Access

You are not currently logged in.

Access your personal account or get JSTOR access through your library or other institution:

login

Log in to your personal account or through your institution.

Orbital Identification of Carbonate-Bearing Rocks on Mars

Bethany L. Ehlmann, John F. Mustard, Scott L. Murchie, Francois Poulet, Janice L. Bishop, Adrian J. Brown, Wendy M. Calvin, Roger N. Clark, David J. Des Marais, Ralph E. Milliken, Leah H. Roach, Ted L. Roush, Gregg A. Swayze and James J. Wray
Science
New Series, Vol. 322, No. 5909 (Dec. 19, 2008), pp. 1828-1832
Stable URL: http://www.jstor.org/stable/20177071
Page Count: 5
  • More info
  • Cite this Item
Orbital Identification of Carbonate-Bearing Rocks on Mars
Preview not available

Abstract

Geochemical models for Mars predict carbonate formation during aqueous alteration. Carbonate-bearing rocks had not previously been detected on Mars' surface, but Mars Reconnaissance Orbiter mapping reveals a regional rock layer with near-infrared spectral characteristics that are consistent with the presence of magnesium carbonate in the Nili Fossae region. The carbonate is closely associated with both phyllosilicate-bearing and olivine-rich rock units and probably formed during the Noachian or early Hesperian era from the alteration of olivine by either hydrothermal fluids or near-surface water. The presence of carbonate as well as accompanying clays suggests that waters were neutral to alkaline at the time of its formation and that acidic weathering, proposed to be characteristic of Hesperian Mars, did not destroy these carbonates and thus did not dominate all aqueous environments.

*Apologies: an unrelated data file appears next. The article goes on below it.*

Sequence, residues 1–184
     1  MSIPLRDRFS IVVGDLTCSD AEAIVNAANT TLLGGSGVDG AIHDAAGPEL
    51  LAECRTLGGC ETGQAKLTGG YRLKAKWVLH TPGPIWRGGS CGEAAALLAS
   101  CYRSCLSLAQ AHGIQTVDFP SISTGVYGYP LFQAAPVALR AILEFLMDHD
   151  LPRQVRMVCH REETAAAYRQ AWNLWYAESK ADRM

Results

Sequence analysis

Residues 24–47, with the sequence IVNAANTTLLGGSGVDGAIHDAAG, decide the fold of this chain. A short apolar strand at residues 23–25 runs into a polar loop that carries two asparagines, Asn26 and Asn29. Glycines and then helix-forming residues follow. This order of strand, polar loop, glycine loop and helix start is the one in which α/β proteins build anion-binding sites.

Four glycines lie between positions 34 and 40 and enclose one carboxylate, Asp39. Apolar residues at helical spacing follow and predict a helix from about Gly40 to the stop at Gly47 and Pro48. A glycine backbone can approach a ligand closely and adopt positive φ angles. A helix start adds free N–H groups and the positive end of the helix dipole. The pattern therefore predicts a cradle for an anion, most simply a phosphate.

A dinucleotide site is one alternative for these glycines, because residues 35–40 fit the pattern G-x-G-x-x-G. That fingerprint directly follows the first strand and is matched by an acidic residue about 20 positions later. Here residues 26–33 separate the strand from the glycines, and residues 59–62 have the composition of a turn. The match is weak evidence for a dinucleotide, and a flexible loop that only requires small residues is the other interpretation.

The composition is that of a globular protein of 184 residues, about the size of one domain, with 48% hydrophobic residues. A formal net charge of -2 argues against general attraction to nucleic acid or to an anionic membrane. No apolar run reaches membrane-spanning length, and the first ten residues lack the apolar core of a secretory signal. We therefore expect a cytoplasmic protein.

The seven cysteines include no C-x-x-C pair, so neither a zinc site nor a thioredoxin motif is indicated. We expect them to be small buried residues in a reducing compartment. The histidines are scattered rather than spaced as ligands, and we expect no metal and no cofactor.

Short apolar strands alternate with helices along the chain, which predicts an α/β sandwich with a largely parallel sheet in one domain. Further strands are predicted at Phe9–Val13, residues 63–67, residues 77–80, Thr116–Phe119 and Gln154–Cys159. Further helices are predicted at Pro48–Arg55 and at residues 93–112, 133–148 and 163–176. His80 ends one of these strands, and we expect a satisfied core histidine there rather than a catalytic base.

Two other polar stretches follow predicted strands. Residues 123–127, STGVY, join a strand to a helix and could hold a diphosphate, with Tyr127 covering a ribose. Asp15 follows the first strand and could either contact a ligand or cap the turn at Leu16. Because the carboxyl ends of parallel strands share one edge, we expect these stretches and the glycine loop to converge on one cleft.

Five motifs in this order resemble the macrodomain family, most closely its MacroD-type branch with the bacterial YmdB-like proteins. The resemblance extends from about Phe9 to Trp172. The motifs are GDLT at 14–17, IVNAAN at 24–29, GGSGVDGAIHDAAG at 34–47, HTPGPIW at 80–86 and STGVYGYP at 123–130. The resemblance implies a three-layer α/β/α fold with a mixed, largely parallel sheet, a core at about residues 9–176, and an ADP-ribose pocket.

Page Thumbnails

  • Thumbnail: Page 
1828
    1828
  • Thumbnail: Page 
1829
    1829
  • Thumbnail: Page 
1830
    1830
  • Thumbnail: Page 
1831
    1831
  • Thumbnail: Page 
1832
    1832